The 113th Congress has finally gone one step beyond the 112th Congress in terms of sheer pigheadedness and idiocy, gone several steps beyond the 80th Congress which President Truman cited as the "Do Nothing Congress" and has for the 18th time in American history, shut down the government.
Following a lengthy conversation that I had on Twitter, just like I asserted in Horse 1546 that Breaking Bad Wouldn't Have Happened In Australia, I now go on to suggest that a total government shutdown like what has just happened in the United States also would not have happened in Australia.
The reason for this is that the Australian Government simply doesn't work that way.
In the United States, the Executive Branch of Government and the Legislative Branch are entirely separate and distinct. This leaves the result that the Executive Branch, which is nominally vested in the person of the President, officially can not act without the consent of the Legislative Branch; that is the Congress.
In the case of matters of Supply, that is the amount of money available that the Government can spend, The Office of Management And Budget must obtain approval and consent from the Congress before monies are appropriated to it.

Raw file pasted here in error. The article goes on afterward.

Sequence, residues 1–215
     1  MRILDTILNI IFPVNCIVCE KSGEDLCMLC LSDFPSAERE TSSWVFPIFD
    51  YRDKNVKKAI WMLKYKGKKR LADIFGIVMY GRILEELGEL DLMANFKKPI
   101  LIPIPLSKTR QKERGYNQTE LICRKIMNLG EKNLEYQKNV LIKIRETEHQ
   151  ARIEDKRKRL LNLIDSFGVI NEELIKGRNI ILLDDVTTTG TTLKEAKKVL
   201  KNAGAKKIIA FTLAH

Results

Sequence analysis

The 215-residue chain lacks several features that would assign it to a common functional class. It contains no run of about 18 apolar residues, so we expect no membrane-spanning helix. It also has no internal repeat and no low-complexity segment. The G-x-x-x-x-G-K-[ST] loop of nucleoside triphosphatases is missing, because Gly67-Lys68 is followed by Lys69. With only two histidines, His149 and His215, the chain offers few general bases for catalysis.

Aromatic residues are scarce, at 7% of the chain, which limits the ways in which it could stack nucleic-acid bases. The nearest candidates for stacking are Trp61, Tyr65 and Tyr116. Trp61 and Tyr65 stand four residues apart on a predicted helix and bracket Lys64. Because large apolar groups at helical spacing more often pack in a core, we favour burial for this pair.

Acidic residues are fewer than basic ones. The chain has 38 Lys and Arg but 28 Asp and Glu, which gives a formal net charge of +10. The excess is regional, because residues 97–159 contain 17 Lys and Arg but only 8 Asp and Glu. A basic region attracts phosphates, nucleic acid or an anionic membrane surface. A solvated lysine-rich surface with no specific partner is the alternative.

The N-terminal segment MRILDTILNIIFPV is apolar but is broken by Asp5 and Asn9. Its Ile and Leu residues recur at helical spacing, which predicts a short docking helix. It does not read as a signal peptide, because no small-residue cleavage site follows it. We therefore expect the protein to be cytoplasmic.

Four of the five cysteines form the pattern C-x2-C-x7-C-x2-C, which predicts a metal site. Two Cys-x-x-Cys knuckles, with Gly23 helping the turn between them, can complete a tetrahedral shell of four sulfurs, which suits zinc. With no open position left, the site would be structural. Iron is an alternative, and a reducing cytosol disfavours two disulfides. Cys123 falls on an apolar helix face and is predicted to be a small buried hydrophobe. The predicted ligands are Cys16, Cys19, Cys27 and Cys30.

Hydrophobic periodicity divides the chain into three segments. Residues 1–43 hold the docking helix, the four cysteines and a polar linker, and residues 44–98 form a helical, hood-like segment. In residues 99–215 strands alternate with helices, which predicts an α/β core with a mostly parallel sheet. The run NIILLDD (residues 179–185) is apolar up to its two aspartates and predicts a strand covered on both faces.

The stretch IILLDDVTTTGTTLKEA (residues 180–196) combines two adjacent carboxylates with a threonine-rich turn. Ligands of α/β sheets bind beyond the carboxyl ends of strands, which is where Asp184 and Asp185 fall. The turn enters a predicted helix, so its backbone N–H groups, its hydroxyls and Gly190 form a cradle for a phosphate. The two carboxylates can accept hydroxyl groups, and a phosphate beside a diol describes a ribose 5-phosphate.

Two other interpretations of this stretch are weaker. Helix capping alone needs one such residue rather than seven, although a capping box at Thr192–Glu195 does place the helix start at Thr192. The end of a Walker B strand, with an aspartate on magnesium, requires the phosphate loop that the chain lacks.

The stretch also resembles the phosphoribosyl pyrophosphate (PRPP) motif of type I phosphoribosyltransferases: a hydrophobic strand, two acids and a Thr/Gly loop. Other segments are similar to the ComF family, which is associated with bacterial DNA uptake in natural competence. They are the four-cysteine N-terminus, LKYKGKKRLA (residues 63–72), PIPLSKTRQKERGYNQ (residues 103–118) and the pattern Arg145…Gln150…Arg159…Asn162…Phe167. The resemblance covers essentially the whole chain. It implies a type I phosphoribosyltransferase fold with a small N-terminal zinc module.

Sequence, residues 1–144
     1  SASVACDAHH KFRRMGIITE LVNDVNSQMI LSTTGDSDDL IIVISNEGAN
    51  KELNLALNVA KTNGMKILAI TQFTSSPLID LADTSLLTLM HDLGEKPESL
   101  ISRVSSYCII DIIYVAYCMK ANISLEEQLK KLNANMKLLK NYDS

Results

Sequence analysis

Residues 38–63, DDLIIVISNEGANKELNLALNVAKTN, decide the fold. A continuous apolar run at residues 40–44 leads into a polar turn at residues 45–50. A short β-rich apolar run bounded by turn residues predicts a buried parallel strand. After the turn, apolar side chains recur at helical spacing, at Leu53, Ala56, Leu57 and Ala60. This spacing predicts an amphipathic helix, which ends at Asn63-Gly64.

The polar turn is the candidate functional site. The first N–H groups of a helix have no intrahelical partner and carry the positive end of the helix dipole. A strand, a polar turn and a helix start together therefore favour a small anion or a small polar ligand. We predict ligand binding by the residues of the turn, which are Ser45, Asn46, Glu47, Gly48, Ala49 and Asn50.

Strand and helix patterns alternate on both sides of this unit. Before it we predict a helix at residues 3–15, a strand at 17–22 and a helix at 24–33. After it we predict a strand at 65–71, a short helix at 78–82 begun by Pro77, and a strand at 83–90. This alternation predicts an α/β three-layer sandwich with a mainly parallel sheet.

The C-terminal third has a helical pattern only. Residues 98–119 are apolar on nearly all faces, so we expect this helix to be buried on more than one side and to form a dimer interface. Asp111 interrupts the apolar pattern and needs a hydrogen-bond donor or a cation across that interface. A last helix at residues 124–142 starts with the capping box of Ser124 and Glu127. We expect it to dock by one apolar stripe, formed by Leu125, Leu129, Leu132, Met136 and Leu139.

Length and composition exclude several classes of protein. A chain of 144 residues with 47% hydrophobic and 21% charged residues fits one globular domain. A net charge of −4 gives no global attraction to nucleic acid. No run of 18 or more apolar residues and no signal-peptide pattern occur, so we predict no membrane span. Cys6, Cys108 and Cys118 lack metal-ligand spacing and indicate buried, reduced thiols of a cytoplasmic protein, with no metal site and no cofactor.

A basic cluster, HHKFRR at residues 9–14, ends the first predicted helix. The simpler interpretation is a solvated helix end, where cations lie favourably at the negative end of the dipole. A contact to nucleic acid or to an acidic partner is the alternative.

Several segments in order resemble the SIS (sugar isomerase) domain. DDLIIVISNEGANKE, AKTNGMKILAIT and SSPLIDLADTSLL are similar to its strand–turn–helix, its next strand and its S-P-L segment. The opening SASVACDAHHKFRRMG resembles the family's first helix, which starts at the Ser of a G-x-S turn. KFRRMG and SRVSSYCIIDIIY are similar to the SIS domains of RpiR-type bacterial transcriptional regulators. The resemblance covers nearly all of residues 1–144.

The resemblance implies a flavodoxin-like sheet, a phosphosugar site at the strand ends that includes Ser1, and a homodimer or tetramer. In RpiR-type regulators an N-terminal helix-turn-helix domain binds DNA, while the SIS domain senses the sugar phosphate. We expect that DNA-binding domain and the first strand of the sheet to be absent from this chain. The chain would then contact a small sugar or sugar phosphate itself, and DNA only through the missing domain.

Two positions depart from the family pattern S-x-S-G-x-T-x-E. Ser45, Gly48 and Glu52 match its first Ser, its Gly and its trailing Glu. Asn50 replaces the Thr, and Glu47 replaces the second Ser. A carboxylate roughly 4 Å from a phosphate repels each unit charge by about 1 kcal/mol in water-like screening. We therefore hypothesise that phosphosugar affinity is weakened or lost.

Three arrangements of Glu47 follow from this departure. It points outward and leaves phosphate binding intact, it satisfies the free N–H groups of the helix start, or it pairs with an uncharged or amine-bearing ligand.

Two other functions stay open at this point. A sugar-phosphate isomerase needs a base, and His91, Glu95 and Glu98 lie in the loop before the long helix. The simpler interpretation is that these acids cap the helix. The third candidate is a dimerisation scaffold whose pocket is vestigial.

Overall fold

In Australia where the Executive Branch and Legislative Branch co-exist together, the vehicle by which the Department of Treasury obtains funds to accomplish its ends is via Appropriation Bills and other Money Bills put before the parliament and drawn on the basis of Section 83 of the constitution that:
No money shall be drawn from the Treasury of the Commonwealth except under appropriation made by law.
There is a point of note here. Even if any given money bill fails to pass the parliament which technically results in a loss of supply, the existing pieces of legislation are still in effect and since many items contained within any given Appropriation Bills are standing items which carry over from one year to the next, they will still continue to have effect until a subsequent bill has passed.
Even if a government fails to pass a budget, then that becomes a "loss of supply" and would trigger a double dissolution and an election under s.57 of the Constitution:
and the Senate rejects or fails to pass it, or passes it with amendments to which the House of Representatives will not agree, the Governor‑General may dissolve the Senate and the House of Representatives simultaneously
The words "fails to pass" have in the past been taken to mean dithering on the part of the Senate, that is failure to pass legislation through deliberate inaction rather than direct rejection. This was further stated by the then Solicitor-General, KH Bailey in relation to the Commonwealth Bank Bill 1950 [No. 2] which failed to pass the Senate and which triggered the 19 March 1951 Double Dissolution. Following the election The Commonwealth Bank Bill was presented to Parliament again and passed both houses.